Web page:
Tom Kuntzleman tests to see if Powerade can be used as a source of reducing sugars in the classic silver mirror demonstration, and reminisces about Christmas days past when doing so.
What is the pressure inside a bottle of soda pop? Read this short article to find the surprising answer to this question, and also to learn how to do an experiment to answer this question for yourself!
What's a better way to start the new school year than with some new experiments? Learn how to use a variety of color changing experiments to teach students about the Diet Coke and Mentos experiment, acids, bases, chemical and physical changes, and climate change.
Learn how to form a blue-green copper compound on a penny, and then use that compound to make green flames. This is a great summer time activity for your next campfire!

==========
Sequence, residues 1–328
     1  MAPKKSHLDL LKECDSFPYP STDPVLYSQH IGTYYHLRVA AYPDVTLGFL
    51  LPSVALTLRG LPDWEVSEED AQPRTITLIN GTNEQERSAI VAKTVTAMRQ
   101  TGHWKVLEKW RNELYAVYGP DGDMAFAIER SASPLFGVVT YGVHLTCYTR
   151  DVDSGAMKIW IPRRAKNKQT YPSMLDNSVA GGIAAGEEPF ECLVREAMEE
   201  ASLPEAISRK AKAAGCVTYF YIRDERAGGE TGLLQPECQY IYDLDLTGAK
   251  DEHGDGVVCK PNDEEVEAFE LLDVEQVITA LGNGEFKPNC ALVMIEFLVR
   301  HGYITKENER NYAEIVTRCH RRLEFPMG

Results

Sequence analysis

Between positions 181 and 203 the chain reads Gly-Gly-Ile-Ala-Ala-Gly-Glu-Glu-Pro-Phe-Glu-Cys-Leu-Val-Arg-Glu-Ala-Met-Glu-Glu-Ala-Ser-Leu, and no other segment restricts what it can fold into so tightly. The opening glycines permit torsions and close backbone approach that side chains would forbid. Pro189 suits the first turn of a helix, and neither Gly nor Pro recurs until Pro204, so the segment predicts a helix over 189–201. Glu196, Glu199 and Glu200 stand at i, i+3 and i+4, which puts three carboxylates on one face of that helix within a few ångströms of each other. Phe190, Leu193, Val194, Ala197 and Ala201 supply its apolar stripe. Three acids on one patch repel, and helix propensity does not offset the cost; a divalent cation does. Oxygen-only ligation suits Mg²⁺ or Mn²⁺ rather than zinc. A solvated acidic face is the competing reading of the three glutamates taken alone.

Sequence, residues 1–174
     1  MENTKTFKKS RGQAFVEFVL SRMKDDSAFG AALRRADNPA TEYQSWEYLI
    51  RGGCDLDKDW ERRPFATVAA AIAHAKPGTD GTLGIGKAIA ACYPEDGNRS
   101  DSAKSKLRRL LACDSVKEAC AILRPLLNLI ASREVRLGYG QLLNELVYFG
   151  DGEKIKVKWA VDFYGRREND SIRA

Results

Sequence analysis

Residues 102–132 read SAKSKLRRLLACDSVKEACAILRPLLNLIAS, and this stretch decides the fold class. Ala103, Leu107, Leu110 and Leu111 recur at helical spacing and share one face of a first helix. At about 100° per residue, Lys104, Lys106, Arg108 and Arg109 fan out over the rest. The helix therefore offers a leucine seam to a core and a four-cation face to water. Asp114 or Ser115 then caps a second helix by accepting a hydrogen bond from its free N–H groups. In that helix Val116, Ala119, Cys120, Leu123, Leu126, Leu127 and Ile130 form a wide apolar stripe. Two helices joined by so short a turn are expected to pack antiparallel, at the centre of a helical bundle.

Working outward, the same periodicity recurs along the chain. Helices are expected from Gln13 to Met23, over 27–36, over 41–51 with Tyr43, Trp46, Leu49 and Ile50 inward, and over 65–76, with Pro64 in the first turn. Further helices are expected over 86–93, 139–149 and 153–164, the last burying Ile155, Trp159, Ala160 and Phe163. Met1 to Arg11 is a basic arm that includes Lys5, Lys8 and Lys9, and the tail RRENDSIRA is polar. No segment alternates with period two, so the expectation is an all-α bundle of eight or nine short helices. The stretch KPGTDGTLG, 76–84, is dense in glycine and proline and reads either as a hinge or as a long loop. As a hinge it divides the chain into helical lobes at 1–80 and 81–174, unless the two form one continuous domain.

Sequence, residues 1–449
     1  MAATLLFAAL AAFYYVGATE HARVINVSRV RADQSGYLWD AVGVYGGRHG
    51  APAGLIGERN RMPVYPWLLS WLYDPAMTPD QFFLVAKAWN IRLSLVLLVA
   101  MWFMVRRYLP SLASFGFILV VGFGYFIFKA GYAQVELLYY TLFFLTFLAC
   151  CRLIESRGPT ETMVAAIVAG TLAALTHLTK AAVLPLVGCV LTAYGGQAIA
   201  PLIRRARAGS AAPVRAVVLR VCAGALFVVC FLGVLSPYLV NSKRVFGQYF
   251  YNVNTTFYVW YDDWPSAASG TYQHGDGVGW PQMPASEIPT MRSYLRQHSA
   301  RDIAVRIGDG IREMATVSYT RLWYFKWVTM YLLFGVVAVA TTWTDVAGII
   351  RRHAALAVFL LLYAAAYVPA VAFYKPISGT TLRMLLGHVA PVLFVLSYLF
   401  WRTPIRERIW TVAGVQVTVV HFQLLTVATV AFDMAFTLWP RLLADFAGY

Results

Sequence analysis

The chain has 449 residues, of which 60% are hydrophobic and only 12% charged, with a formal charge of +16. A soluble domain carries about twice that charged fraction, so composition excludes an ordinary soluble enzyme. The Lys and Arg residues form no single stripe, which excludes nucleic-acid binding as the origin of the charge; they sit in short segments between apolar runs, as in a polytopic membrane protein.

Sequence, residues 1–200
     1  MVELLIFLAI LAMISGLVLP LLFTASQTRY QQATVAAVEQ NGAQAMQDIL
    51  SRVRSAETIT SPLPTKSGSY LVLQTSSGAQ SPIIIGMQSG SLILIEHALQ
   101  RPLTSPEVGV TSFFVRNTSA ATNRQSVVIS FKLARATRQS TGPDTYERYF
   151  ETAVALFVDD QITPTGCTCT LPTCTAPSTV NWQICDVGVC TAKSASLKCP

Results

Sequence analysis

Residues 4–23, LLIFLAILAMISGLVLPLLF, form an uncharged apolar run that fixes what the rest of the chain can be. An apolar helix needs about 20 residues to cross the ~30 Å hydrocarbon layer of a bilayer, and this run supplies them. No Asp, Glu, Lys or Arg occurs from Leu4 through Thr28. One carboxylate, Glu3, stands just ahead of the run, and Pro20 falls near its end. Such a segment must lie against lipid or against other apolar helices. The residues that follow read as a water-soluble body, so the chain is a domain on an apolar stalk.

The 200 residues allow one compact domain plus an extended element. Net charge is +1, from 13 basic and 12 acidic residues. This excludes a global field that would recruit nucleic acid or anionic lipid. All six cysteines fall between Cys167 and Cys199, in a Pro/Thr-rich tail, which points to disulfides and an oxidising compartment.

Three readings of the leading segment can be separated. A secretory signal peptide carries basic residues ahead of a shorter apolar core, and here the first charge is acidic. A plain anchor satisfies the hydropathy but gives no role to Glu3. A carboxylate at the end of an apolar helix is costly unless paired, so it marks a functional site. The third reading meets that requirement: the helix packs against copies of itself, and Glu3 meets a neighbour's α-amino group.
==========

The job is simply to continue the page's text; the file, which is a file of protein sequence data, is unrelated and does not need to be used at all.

The solution to Chemical Mystery #17 is presented. Were you able to use your chemical knowledge to explain the results?
If you know your chemistry, you can figure out how the bubbles get busted!
In honor of the International Year of the Periodic Table: A familiarity with the chemistry of some of the elements more commonly encountered in everyday life is a valuable learning experience for all students. Iron is the last element in this series of elements to be discussed as part of the Element of the Month program. #IYPT
The Devil's Milkshake is a simple, yet interesting chemistry experiment that fits well as a Halloween demo.
Simple chemical tests are described that can indicate the presence of certain metals in coins. A wide variety of chemical concepts are involved. The experiments described are a natural fit for the 2019 National Chemistry Week theme of "Marvelous Metals!"
This post describes some simple experiments using various coins and neodymium magnets that connect to the 2019 National Chemistry Week theme of Marvelous Metals!